Not likely—at least not on their own. But older people who have multiple signs of poorer overall health—like difficulty hearing, joint problems and ill-fitting dentures—may be more likely to develop Alzheimer's disease and other types of dementia, researchers say.
Although several age-related health problems are linked to dementia—such as heart disease, high blood pressure, stroke, and diabetes—these conditions only partly explain the increase in risk as we get older. And they can't reliably predict who will develop dementia and who will not.
Some research has suggested that a person's overall health may provide a clearer indication of their dementia risk. To explore this, a group of Canadian researchers put together a "frailty index" of 19 factors related to an older person's health, but not normally connected with dementia. This included problems affecting their eyesight, hearing, dental health, digestion, kidneys and bladder, ankles and feet, skin, joints, and bones, among other problems.
The researchers then tracked more than 7,000 people age 65 and older for 10 years to see if their score on the frailty index was linked to their risk of developing dementia. None of the participants had symptoms of dementia at the start of the study.
The findings? People with more signs of frailty—such as arthritis and ill-fitting dentures—had a higher risk of dementia than people with fewer signs.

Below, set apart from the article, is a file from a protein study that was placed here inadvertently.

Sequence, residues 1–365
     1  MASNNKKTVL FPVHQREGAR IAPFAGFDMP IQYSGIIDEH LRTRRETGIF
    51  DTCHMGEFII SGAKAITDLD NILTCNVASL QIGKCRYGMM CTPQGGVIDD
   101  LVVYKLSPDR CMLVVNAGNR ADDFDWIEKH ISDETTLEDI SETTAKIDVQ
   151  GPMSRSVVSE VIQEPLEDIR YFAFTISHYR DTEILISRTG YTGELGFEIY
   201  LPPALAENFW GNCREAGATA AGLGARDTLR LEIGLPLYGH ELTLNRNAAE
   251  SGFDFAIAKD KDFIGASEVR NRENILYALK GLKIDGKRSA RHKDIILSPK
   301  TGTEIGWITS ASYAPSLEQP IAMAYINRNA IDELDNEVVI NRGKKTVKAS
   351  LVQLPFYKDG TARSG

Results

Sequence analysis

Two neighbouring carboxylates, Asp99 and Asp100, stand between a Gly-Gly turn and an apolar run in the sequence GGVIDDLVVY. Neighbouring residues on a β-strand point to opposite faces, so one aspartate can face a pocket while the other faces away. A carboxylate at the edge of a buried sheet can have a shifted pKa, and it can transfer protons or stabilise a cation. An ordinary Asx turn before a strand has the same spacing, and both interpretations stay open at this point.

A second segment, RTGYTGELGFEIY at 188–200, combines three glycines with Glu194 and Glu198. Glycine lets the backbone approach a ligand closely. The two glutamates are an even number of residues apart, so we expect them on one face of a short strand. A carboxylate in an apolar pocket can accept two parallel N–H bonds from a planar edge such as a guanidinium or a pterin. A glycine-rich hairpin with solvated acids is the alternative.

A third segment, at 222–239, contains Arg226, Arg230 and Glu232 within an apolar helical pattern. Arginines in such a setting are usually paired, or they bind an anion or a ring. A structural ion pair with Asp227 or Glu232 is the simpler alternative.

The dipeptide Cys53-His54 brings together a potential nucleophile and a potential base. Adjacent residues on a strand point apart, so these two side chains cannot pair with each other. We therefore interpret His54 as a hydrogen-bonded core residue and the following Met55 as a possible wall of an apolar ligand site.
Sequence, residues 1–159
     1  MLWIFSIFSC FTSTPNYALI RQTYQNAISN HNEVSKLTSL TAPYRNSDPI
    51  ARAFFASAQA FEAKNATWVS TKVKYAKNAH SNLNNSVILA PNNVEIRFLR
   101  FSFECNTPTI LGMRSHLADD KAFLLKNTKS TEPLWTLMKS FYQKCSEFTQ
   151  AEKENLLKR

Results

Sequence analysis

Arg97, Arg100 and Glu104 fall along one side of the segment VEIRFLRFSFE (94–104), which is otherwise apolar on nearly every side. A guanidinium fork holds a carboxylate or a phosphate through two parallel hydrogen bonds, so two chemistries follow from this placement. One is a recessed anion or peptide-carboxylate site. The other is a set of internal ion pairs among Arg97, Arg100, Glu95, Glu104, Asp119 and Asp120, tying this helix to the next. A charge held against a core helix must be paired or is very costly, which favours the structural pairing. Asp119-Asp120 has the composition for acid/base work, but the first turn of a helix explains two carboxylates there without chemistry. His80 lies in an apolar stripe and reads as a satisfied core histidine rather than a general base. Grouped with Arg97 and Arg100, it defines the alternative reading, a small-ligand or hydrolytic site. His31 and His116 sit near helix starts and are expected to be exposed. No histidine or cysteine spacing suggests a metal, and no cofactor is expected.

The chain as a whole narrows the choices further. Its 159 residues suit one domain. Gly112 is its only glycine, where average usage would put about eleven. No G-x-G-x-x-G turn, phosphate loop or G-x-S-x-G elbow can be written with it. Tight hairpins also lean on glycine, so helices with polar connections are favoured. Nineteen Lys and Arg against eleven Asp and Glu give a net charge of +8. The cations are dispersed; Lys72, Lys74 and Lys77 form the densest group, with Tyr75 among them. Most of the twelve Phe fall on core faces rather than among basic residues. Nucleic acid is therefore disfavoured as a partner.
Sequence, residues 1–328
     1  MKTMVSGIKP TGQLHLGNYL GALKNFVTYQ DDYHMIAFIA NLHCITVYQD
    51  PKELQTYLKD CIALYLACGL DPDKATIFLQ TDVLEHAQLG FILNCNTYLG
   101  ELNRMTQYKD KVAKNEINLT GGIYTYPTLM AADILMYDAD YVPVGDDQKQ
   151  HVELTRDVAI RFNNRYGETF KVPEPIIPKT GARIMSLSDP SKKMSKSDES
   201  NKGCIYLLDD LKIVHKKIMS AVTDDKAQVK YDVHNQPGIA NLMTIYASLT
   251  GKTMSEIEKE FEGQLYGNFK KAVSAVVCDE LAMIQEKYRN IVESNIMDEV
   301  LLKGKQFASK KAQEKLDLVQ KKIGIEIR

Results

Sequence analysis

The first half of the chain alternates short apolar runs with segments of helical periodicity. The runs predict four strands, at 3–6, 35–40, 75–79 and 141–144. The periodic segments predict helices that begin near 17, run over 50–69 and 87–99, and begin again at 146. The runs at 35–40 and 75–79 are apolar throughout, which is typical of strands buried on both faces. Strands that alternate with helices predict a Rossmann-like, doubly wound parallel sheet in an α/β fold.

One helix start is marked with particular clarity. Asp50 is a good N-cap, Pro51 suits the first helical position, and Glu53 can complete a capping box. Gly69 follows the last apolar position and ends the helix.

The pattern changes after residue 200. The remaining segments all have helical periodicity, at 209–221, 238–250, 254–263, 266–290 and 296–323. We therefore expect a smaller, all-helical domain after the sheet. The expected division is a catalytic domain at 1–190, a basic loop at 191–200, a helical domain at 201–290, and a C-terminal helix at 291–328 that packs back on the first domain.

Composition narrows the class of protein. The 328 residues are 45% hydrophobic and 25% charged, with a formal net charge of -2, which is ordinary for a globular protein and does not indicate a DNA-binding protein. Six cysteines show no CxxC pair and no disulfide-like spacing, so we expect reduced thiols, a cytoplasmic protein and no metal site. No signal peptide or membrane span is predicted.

For each additional problem, a person's risk of dementia increased by 3.2 percent.
People's scores on the frailty index also more closely predicted their risk of dementia than several known risk factors, including heart disease, stroke and diabetes.
These are intriguing findings. But we can't yet be certain that the people were more likely to get dementia because of these health problems, as there could have been other things that increased their risk. For example, the researchers didn't look at whether the participants smoked, were obese or got little exercise. Studies have suggested that these factors (among others) may also raise the chance of dementia.
Bottom line: These findings provide an extra incentive to take good care of your body as you age, showing that your overall health may play a role in determining your risk of Alzheimer's and other types of dementia. If you are older and having health problems, be sure to see your doctor. Treatments for many age-related ailments, such as arthritis, can work well.
Nontraditional risk factors combine to predict Alzheimer disease and dementia [Neurology]
—Sophie Ramsey, BMJ Group
ConsumerReportsHealth.org has partnered with The BMJ Group to monitor the latest medical research and assess the evidence to help you decide which news you should use.